Tension has spread to the surrounding mines of the Anglo American and General Mining corporations, where about 150,000 black miners have been campaigning to end discrimination.
On March 20, blacks in Thabong staged a consumer boycott in the town to protest the detention of several youth activists. On the same day, a tornado swept through the white neighborhoods of the town and left hundreds of whites homeless. Looting of white homes by blacks increased the atmosphere of fear and racial tension.
The 600,000 or so white South Africans who voted for the right-wing Conservative Party in last year's general election are losing hope that they can ever win power through the ballot box. They appear to be turning to extra-parliamentary methods to halt a government they believe is bent on selling out the whites. In the Orange Free State, 46 percent of the white constituents voted for the Conservative Party.
Conservative Party leader Andries Treurnicht has backed a campaign to collect a million signatures to force another election by May 26.
Eugene Terre Blanche, flamboyant leader of the neofascist AWB, publicly ridicules the signature campaign from platforms in the country's conservative rural and mining towns. ``We are not seeking a million votes, but a million rifles,'' he thunders.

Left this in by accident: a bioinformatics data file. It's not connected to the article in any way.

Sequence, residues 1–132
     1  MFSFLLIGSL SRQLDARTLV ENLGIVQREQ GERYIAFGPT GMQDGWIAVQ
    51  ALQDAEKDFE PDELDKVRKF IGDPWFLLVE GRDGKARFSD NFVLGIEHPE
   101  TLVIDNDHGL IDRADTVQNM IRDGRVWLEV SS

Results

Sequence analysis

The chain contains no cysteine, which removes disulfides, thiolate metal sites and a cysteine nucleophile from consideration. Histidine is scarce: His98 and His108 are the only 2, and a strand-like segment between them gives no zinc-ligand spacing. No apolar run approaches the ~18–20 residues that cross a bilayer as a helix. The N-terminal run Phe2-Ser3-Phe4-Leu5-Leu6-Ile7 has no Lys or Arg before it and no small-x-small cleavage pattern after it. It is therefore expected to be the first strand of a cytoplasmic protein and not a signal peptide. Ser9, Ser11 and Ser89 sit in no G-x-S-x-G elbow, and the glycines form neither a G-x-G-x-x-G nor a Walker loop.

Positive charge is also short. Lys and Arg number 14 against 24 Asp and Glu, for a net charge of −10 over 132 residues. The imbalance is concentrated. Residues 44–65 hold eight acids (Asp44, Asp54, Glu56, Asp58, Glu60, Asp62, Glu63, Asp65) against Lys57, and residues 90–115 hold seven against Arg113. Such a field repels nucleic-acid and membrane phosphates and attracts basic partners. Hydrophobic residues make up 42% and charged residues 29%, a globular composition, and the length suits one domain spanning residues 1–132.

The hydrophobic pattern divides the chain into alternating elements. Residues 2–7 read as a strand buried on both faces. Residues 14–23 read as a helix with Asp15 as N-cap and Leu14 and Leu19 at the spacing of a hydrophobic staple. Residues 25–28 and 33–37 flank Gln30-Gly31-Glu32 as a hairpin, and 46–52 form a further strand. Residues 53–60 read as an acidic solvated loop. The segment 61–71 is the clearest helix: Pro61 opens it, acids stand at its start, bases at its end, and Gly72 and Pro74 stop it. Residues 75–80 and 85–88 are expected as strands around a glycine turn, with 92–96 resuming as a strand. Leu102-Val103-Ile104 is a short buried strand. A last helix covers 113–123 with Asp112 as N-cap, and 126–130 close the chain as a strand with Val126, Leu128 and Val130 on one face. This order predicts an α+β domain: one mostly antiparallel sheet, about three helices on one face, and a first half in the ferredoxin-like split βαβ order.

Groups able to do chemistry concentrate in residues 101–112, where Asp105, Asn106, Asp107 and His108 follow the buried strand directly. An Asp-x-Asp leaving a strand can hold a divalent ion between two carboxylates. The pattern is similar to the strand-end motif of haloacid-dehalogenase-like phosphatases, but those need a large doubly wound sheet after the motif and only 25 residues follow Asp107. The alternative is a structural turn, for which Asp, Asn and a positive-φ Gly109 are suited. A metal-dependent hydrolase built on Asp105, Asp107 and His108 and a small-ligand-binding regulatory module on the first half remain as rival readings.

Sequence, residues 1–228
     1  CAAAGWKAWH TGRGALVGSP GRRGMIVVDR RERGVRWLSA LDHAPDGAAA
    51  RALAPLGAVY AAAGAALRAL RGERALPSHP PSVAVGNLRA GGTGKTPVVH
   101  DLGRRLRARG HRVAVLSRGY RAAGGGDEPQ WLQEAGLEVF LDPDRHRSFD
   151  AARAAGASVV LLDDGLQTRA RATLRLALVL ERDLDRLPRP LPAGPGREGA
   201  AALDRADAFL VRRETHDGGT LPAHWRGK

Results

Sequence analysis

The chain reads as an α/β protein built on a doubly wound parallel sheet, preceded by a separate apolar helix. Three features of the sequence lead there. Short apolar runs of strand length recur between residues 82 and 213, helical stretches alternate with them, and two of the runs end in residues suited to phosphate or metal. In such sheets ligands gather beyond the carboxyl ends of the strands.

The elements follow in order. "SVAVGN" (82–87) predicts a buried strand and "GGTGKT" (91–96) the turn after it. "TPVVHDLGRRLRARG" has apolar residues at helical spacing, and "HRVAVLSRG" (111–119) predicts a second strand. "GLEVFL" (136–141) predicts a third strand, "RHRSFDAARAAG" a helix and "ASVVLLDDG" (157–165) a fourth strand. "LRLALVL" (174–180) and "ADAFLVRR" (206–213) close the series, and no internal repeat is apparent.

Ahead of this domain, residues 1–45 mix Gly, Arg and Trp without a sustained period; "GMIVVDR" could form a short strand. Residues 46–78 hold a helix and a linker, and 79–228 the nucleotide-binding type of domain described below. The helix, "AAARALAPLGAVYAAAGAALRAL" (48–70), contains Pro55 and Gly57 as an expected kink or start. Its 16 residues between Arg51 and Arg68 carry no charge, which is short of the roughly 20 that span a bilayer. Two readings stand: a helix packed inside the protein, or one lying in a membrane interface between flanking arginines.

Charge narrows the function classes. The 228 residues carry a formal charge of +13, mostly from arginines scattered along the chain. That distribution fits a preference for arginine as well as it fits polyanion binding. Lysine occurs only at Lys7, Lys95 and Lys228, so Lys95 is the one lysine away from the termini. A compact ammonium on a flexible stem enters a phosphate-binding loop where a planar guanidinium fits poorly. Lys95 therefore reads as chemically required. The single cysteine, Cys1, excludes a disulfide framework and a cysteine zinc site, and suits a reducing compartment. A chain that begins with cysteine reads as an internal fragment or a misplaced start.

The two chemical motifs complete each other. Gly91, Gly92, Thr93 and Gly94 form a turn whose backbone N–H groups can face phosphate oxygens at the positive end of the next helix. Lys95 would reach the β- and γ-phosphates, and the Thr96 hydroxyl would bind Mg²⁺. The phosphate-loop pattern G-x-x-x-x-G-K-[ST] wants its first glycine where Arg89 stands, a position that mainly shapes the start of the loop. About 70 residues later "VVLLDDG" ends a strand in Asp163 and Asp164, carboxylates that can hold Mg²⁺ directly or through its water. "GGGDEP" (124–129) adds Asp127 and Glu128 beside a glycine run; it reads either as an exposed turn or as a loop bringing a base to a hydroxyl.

Sensing the right-wing groundswell for more extreme action, Dr. Treurnicht last week supported the formation of vigilante groups as a means of self-defense.
Welkom - the name means ``Welcome'' in Afrikaans - is today a microcosm of the conflict. White extremists are trying to halt Mr. De Klerk's reforms and his quest for negotiated political settlement with the majority.
A visit to Welkom this week showed that most of the members of the rapidly growing BV - which has also sprung up in surrounding towns - are Conservative Party supporters.
BV leaders spurn the more extreme methods of the AWB - who patrol the town in pickups and automobiles displaying red flags with the three-legged swastika - and apparently beat blacks indiscriminately.
Armed BV members' pickup patrols confront any blacks they see on the street as they make their way through the town's white neighborhoods at night.
They are contemptuous of what they see as the impotence of the regular police force.
Law and Order Minister Adriaan Vlok has branded the BV as a ``subversive alternative structure.'' ``I want to warn that alternative structures are illegal,'' he said on a recent visit here.
``Police don't have the manpower to perform the law-and-order function in Welkom any longer,'' said Muller, once a policeman himself.
He claims that policemen are leaving the force at the rate of more than 20 a day because they cannot cope with a legalized ANC. Poor pay and working conditions additionally contribute to the police exodus.
Muller vows that his organization will stop a planned April 21 march by black miners.
``We don't want this to develop into a racial war,'' says Mr. Bungwane.
``That would have a detrimental effect on building a nonracial future for South Africa.''